Episode 2: Working From Home
In this episode, we continued following the Frequently Asked Question series and covered WORKING FROM HOME – the pros, the cons, and that sweet, sweet tax deduction!
Canada Revenue Agency allows deductions for Office-Space-in-Home for 3 broad categories:
You're a sole proprietor (meaning you don’t have a corporation), and your main work space is home.
You’re a shareholder in a corporation, and the corporate business activities take place in your home – home office, storage, etc and so the corporation effectively rents that space from you personally (called an Office in Home or Occupancy deduction)
You’re working for somebody else, but your employer requires you to work from home at least 50% of the time.
In all 3 categories listed above, we follow the same method of calculating what percentage of your home expenses will be deductible:
Business-use space/Total livable space = Allowable deductible percentage
Example: Office space is 150 square feet, total livable space in my home is 1,000 square feet = 15% deductible percentage can be applied to the allowable home expenses (see chart below).
It is important to know that home office deductions can not be used to create or increase a business LOSS, so if your business is already at a loss or at zero, you cannot use the home deductions, BUT they can be carried forward to a future year when you are hopefully more profitable, so keep these records!
PRO-TIP: Regardless if you are a sole proprietor or a corporation, If you are in the City of Edmonton, and you run a home-based business, you are required to have an appropriate business license. If you’re not in Edmonton, do a google search on business licenses in your city to make sure you’re in compliance.
Also, advise your insurance company if you are running a business from home – even if you don’t want coverage for your business contents or liability (and you should), if there is a loss (even an unrelated one) your insurer could deny the claim based on the omission of this information.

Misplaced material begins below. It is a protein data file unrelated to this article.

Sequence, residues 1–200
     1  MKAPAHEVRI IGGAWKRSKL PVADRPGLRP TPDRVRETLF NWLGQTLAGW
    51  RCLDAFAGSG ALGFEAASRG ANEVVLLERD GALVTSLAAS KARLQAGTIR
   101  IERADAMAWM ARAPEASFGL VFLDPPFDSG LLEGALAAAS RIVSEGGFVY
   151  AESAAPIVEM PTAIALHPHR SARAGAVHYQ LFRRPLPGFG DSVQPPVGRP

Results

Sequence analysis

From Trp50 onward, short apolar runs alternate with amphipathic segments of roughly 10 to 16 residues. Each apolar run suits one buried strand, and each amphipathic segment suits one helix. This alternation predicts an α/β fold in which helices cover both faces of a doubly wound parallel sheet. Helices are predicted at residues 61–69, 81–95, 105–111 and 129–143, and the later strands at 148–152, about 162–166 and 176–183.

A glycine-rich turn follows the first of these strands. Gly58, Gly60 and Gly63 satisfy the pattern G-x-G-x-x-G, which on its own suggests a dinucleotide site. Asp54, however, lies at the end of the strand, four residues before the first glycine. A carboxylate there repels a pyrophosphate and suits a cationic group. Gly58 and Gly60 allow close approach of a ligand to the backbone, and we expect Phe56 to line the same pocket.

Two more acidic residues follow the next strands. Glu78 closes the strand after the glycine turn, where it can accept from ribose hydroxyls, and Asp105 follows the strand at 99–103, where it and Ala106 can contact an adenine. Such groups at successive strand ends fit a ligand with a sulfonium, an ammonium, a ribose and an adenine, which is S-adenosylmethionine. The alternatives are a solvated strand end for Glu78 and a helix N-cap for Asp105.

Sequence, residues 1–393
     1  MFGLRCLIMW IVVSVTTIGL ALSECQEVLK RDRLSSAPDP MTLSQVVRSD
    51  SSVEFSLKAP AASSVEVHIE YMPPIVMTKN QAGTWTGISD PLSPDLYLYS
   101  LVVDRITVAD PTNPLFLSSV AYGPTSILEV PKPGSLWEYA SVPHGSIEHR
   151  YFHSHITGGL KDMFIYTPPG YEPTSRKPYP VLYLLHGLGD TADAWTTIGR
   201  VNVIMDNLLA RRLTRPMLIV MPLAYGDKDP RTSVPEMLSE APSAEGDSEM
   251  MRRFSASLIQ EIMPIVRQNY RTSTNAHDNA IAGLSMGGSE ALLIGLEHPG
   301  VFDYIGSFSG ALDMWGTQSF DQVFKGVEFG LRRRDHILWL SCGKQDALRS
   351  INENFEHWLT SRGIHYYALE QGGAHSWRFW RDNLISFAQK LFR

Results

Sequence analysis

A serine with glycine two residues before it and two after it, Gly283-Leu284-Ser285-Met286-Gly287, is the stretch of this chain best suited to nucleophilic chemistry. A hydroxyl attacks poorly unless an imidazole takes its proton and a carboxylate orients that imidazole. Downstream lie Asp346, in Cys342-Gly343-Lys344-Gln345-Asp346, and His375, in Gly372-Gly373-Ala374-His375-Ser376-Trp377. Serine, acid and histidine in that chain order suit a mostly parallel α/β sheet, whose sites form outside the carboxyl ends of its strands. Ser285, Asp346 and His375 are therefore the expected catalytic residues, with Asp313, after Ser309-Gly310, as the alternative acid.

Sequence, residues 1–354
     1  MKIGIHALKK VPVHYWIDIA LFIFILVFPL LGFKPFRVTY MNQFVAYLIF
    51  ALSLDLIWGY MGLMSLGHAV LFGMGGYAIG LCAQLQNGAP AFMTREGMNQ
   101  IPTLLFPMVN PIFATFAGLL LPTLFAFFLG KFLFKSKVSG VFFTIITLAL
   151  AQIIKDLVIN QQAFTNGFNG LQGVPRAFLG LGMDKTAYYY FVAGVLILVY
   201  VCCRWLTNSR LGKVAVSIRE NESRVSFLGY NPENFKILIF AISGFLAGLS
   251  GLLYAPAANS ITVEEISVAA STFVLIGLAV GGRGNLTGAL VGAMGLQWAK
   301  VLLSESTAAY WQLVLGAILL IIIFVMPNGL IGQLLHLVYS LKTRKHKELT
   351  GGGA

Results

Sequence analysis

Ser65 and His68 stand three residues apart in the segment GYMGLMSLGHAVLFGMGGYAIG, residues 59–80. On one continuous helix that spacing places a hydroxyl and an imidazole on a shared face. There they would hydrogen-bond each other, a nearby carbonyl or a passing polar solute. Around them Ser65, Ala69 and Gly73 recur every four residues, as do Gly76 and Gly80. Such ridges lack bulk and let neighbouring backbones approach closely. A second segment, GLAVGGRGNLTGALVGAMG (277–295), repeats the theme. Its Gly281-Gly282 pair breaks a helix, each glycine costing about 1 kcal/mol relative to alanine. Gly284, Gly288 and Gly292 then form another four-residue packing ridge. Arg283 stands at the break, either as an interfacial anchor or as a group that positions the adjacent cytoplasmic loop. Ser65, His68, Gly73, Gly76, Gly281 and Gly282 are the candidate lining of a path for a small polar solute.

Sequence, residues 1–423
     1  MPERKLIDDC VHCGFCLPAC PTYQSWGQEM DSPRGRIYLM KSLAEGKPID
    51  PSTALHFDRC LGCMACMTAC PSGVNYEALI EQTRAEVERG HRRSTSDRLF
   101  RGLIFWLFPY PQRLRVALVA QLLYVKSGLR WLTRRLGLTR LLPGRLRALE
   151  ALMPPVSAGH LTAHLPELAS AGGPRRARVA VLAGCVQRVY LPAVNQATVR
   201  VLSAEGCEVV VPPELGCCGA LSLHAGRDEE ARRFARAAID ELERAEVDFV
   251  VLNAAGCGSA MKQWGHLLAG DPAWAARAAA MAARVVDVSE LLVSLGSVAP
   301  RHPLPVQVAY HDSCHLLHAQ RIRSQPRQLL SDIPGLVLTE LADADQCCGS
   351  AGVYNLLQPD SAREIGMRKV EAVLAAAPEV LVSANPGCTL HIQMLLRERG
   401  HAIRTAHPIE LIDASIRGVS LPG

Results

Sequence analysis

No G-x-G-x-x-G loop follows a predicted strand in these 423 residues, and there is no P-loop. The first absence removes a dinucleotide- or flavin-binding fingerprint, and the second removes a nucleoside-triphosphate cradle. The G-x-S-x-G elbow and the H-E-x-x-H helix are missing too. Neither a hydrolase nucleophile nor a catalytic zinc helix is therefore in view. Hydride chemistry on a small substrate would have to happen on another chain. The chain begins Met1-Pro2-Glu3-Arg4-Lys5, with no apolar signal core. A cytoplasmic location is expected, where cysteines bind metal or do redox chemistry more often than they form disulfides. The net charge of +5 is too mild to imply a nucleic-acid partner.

The cost of the business license and business insurance are completely tax deductible as well, so make sure you are holding onto these receipts!
If you are a EMPLOYEE working for somebody else, there are special rules for you:
You must work at home at least 50% of the timeYour employer must complete and sign a T2200 form every year
The deduction is limited to the income from the signing employer; AND
The deduction is limited to the amount of employment income you earned from that specific employer (i.e. In 2018, your employment income from Employer X was $1,000, the most you be able to claim as office-space-in-home for that year would be $1,000. However, as above, we can carry-forward any office-space-in-home expenses to a future year if required, as long as you are still working for that same employer in the following year)
Expenses to apply the Allowable Deduction Percentage to:
*Note: Internet & Telephone would only be allowed if your employer specifically noted they were required to be paid for (and not reimbursed) on the T2200 form.
**Note: Be careful when claiming repairs & maintenance. If the repair doesn’t affect your work space, it is not deductible. If it affects the entire home (i.e. furnace or roof repair), it is claimable at the pro-rated amount. Conversely, if the repair only affects your work space, it would be fully deductible.
Also, a renovation that increases the value of your home (i.e. upgraded kitchen, appliances, flooring, etc.) would be considered a capital expenditure and needs to be deducted over the course of multiple years. If the renovation or equipment directly relates to your business space, you may claim CCA or depreciation on it.